A RE-OPENED train line toward Dunfermline for passengers should include five stops before reaching Dunfermline, according to a railway campaign group.

Proposals from Railfuture Scotland, the think-tank’s wish list extending to the whole of Scotland with 90 new stations indicated, provide details on what the re-opened line could look like.

As reported in recent times, the drive to see passenger trains roll past Alloa station toward Fife has received a number of boosts with hopes Spanish train manufacturers Talgo would open a factory at the site of the former Longannet power station.

Coal trains used to use this very line to ferry fuel to the turbines and Green MSP Mark Ruskell has been particularly active in his bid to see passengers benefit from a connection to Dunfermline.

Maps by Railfuture Scotland, credited to the late traffic engineer and Railfuture Scotland former vice-chair Roderick McDougall BSc CEng MICE, detail how the line could work in practice.

They build on a vision for expansion from 2014, which called for 50 stations to be opened or re-opened to improve connectivity in an environmentally friendly way.

The call for new stations extends beyond the line in question and indeed, the plans would add two new stations between the already successful Stirling to Alloa line at Causewayhead and Cambus, with the latter becoming the first halt in the Wee County.

Heading out past Alloa, the vision compiled by Mr McDougall includes stops at Clackmannan, Kincardine, Culross, Valleyfield and Cairneyhill before arriving at Dunfermline.

The ability to take a train from Alloa toward Dunfermline would be advantageous for commuters to Edinburgh, who would be able to connect with services in the Fife town, instead of travelling to Stirling first, which is essentially in the opposite direction.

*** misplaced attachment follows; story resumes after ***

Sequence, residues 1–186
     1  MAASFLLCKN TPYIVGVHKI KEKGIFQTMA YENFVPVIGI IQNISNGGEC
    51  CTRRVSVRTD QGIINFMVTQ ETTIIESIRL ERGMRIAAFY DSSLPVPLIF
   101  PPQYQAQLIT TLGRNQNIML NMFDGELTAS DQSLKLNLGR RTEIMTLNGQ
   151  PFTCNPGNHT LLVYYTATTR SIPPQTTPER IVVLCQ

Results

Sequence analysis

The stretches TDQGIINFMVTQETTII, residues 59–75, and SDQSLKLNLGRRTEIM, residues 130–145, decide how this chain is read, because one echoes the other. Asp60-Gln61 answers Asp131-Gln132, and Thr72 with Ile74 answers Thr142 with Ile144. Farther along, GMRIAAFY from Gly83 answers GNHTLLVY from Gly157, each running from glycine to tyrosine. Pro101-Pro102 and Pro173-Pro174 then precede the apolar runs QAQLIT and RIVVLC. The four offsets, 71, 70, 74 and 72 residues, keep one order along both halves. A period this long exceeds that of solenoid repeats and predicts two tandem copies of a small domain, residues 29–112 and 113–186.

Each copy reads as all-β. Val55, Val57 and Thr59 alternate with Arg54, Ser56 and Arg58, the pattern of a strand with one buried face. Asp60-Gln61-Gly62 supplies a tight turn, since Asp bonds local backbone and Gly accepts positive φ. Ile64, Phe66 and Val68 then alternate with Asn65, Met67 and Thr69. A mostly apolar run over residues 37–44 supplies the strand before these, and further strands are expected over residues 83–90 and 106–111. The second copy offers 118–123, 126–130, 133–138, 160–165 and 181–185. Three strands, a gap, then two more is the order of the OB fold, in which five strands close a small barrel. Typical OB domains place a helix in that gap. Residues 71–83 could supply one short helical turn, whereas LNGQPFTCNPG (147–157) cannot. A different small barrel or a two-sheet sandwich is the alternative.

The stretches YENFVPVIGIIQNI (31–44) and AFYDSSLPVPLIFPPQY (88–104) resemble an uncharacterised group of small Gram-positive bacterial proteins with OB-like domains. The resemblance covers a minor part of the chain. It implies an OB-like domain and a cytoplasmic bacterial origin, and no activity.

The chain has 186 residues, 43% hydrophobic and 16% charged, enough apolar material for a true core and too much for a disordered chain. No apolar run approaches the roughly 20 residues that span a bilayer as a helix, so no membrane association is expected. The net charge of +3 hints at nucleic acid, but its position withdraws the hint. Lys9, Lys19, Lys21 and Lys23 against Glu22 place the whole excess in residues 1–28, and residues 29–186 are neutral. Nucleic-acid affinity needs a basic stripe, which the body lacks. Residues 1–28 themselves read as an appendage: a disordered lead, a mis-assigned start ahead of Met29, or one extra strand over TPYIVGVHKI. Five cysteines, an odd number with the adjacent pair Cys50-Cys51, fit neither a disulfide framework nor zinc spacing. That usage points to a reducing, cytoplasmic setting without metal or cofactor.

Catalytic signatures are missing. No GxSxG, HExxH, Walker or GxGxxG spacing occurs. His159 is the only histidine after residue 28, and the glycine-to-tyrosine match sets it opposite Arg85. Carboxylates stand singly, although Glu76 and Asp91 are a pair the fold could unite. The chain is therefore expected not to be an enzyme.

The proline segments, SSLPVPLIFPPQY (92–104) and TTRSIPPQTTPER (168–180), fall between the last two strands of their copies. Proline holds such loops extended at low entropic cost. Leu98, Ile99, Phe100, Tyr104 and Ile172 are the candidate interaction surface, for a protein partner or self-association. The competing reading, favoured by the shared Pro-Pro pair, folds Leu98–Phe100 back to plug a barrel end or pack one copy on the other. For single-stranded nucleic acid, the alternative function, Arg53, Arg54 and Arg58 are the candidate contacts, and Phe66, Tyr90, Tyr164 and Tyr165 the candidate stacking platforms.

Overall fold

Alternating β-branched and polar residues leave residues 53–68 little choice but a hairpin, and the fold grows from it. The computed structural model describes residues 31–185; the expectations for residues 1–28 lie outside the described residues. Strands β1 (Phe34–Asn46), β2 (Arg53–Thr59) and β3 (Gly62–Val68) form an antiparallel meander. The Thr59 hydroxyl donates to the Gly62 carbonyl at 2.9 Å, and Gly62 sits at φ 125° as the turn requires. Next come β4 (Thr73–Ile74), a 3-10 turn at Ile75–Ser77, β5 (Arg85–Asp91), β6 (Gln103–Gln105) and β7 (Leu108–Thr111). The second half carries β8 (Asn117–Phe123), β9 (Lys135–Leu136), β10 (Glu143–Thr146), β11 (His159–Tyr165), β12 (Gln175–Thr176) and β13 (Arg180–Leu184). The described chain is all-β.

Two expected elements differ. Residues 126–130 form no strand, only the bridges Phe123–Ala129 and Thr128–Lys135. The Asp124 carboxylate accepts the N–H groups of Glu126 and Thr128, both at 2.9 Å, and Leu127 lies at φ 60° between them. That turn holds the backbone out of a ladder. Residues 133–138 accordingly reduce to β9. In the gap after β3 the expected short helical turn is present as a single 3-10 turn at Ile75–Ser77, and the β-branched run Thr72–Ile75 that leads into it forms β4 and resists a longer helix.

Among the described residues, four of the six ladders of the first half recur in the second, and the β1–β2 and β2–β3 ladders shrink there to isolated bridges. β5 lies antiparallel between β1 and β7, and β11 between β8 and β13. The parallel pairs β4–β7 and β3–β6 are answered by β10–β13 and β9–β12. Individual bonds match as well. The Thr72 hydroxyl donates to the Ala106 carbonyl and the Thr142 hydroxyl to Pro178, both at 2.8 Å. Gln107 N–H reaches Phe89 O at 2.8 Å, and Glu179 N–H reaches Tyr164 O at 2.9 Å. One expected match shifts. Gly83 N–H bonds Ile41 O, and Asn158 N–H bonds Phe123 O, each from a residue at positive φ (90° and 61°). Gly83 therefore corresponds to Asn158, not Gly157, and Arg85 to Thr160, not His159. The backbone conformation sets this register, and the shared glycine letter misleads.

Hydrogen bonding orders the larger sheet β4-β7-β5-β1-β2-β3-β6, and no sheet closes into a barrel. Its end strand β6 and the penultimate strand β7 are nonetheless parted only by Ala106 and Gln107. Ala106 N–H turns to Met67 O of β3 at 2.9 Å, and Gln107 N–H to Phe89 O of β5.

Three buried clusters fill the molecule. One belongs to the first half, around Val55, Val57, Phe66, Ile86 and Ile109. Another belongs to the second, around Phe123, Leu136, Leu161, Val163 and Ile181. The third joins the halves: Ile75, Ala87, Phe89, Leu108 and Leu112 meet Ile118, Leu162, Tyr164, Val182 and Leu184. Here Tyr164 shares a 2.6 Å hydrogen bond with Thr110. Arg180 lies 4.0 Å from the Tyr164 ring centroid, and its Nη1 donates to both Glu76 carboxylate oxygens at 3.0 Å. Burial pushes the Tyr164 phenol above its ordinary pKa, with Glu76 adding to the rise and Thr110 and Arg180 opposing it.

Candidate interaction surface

It has previously been argued that linking the Wee County to Fife via direct rail would bring a wealth of employment, educational and leisure opportunities.

Including train stops at smaller towns, like Clackmannan, may be necessary in order to win local hearts and minds as well.

This was evident when Mr Ruskell organised a town hall meeting in Alloa to gauge local support for the re-opening.

One Clackmannan resident highlighted the freight line is already running past the town and they would not like to see, and hear, extra locomotives “with no benefit” for the folks there.

In essence, it was made clear that a train station would be necessary if such proposals were to gain local support, especially with Clackmannan’s poorer bus links in mind.

In a wider sense, Railfuture Scotland often makes the case on environmental grounds, now more so than in 2014.

The independent group says more and bigger roads are not the answer, especially as they tend to just invite more traffic and lead to the same congestion issues.

A statement explained: “Railfuture advocates reducing the level of spending on new roads in Scotland dramatically.

“This money is not solving traffic problems, it is just moving the problems around.

“The money saved would be invested in alternatives to roads, including the railways.”